In general, investment theory says that people should not try to time the market, with history showing it to be a fool’s game.

And yet, here we are with the equity market at an all-time high, bonds still at historic low yields, and the Federal Reserve committed to unwinding years of quantitative easing.

Clearly, advisors should be taking a different approach in this environment than they would be if conditions were different.

So how can advisors build better client portfolios right now?

“Yes, stocks are high, but there’s no safe way to predict an end to the up market,” said David Blanchett, head of retirement research at Morningstar Investment Managers in Chicago.

“You shouldn’t be too aggressive or too defensive,” he said. “Figure out the strategic target of your client, and then don’t try to make huge timing calls — just tweak around the edges.”

Rick Rummage, president and career consultant at The Rummage Group in Herndon, Virginia, which trains advisors, said that he isn’t sure that many of them understand what they are being paid to do.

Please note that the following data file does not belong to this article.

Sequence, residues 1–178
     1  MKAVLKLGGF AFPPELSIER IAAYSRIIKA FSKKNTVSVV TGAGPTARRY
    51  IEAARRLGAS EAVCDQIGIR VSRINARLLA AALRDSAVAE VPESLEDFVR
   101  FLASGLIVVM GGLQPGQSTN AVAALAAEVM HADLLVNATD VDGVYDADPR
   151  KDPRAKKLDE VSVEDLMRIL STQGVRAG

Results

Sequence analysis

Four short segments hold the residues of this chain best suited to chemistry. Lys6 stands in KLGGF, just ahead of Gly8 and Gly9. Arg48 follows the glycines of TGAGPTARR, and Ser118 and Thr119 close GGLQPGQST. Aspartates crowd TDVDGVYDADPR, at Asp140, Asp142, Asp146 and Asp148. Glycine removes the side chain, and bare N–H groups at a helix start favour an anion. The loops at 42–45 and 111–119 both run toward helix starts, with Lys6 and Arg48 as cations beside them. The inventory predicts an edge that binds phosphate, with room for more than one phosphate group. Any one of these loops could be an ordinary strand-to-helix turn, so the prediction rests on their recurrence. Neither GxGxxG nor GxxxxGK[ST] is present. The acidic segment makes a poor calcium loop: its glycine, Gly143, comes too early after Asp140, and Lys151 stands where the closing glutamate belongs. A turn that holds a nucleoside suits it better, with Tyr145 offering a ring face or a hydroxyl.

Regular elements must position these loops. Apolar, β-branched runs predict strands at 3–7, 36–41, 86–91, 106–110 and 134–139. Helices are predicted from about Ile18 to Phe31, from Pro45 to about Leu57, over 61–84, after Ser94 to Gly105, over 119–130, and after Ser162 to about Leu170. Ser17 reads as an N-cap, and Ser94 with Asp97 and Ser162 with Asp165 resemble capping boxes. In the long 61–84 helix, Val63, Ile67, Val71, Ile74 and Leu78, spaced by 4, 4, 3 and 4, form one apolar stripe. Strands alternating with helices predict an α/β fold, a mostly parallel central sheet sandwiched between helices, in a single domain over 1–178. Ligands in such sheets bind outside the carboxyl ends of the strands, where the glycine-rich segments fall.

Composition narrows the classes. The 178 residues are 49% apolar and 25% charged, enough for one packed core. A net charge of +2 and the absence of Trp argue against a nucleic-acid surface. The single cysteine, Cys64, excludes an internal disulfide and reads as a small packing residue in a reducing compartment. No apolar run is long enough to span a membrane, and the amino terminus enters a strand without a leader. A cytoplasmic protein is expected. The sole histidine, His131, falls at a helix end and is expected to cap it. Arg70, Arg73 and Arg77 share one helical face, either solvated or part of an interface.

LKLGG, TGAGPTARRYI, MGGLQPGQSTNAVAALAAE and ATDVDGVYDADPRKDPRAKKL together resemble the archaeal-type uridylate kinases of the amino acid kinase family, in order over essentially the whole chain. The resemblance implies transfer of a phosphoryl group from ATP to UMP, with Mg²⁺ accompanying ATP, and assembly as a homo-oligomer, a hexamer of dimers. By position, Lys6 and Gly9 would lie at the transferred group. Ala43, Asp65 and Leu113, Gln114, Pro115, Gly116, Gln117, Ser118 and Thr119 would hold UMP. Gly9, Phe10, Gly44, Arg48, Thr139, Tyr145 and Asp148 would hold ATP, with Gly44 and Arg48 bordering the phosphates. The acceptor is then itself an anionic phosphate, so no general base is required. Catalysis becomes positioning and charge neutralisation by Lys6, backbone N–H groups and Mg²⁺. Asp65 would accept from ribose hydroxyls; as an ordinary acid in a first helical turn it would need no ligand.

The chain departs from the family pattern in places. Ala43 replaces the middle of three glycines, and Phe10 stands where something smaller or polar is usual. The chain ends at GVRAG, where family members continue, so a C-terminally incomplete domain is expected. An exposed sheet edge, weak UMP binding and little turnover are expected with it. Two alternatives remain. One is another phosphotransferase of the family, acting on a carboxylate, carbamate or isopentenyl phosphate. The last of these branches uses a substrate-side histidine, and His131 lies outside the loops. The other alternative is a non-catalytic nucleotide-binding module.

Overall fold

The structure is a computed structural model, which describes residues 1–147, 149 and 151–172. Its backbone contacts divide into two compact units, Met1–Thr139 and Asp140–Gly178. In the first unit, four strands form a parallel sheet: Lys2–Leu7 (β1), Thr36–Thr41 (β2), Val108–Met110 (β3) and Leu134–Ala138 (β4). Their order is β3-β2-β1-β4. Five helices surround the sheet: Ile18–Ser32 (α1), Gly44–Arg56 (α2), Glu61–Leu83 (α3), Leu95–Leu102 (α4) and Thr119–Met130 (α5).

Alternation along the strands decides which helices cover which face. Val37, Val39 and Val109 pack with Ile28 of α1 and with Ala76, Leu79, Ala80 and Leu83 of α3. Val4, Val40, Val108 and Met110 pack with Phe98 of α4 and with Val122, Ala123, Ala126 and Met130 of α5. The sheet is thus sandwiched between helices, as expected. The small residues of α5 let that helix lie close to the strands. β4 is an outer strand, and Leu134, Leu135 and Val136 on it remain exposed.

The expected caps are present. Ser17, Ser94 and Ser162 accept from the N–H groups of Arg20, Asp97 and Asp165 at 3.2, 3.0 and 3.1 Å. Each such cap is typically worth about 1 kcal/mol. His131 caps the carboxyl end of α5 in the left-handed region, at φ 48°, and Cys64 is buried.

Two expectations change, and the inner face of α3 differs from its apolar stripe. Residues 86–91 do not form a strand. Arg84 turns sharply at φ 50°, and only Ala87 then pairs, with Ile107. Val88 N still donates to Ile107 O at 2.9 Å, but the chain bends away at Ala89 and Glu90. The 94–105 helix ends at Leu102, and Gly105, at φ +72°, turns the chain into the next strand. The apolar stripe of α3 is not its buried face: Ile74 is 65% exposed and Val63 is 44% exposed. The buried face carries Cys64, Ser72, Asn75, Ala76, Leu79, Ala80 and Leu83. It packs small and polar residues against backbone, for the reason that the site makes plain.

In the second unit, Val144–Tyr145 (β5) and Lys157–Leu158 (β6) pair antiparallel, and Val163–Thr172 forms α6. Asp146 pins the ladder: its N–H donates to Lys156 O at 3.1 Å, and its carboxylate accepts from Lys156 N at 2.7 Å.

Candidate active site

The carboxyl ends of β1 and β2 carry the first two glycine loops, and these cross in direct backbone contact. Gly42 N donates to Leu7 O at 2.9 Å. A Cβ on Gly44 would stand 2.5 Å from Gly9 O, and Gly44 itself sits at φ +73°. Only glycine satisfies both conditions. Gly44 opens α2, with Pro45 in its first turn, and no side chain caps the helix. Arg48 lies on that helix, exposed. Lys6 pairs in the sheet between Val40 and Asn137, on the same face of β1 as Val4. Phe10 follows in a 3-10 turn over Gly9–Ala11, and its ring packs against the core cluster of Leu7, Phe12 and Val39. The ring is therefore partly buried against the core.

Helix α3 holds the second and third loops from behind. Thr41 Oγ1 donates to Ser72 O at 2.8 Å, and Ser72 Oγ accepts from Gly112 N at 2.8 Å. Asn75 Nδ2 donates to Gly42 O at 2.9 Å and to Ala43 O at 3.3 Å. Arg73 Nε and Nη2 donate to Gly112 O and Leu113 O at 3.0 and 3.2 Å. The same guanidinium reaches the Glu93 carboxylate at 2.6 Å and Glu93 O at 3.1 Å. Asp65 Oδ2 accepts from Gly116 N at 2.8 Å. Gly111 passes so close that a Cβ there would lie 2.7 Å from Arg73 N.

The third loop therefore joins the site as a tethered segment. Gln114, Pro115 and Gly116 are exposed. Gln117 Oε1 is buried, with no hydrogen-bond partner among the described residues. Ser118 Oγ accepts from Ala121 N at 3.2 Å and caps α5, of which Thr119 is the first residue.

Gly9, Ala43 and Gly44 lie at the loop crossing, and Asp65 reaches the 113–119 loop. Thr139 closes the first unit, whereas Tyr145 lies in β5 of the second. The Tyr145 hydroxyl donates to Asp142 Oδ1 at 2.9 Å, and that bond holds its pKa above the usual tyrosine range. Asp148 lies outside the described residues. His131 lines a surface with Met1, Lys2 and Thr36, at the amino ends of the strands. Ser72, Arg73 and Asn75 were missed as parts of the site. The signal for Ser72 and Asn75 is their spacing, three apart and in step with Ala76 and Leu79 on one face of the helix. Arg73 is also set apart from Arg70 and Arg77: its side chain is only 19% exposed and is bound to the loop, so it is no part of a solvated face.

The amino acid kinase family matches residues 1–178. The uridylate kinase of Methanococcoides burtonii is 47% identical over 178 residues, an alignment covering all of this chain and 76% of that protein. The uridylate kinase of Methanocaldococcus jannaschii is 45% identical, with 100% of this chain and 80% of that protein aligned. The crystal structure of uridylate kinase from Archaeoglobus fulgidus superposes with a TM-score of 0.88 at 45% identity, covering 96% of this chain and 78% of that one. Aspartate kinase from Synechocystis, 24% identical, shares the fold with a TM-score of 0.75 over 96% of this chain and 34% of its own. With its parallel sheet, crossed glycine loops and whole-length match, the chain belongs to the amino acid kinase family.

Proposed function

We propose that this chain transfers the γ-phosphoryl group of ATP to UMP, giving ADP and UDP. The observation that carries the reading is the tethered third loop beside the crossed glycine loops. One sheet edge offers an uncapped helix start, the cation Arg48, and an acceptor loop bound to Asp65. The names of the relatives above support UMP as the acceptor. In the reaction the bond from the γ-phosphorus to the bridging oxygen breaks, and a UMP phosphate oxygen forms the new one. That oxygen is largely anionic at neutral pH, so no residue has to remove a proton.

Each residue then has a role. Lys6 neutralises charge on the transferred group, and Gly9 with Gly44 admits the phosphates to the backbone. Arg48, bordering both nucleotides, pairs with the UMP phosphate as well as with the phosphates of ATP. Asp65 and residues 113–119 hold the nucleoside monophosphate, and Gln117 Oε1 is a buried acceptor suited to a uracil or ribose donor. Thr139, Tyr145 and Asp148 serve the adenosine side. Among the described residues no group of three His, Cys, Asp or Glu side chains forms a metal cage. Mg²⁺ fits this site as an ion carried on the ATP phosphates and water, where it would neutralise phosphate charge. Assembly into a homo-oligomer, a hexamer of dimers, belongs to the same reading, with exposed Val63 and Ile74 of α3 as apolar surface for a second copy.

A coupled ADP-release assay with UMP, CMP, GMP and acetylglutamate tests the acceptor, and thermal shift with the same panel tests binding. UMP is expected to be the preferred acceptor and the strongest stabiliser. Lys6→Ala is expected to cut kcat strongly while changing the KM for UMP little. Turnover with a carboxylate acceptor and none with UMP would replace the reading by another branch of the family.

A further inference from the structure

“They think clients want to get the maximum return on their investment and to beat the averages, but most of them can’t do that and shouldn’t even try. What clients really need is a laid-out plan of what they should be doing, how much they should diversify, how much they should be saving and to know the difference between depreciating and appreciating assets,” Rummage said.

“So be an educator; don’t try to beat the averages if the best minds on Wall Street can’t do it,” he said.

But that is easier said than done, said Darrick Hutchens, a CFP and managing partner at Monon Wealth Management, an independent firm in Carmel, Indiana.

“The problem is that all clients focus on [is] how we do relative to the U.S. stock market,” he said. “If the U.S. market is on fire, and you have them only 50% allocated to equities, your client is going to be disappointed because you aren’t beating the market benchmark, but if the U.S. market drops, that same client is going to be disappointed in you because then his benchmark is cash.”

Hutchens said his answer in this market is to take a technical, not fundamental approach.

“When the market is going up, we’re go, go, go, and when the market falls, I’m just going to move people to cash,” he said.

This story is part of a 30-30 series on building a better portfolio.

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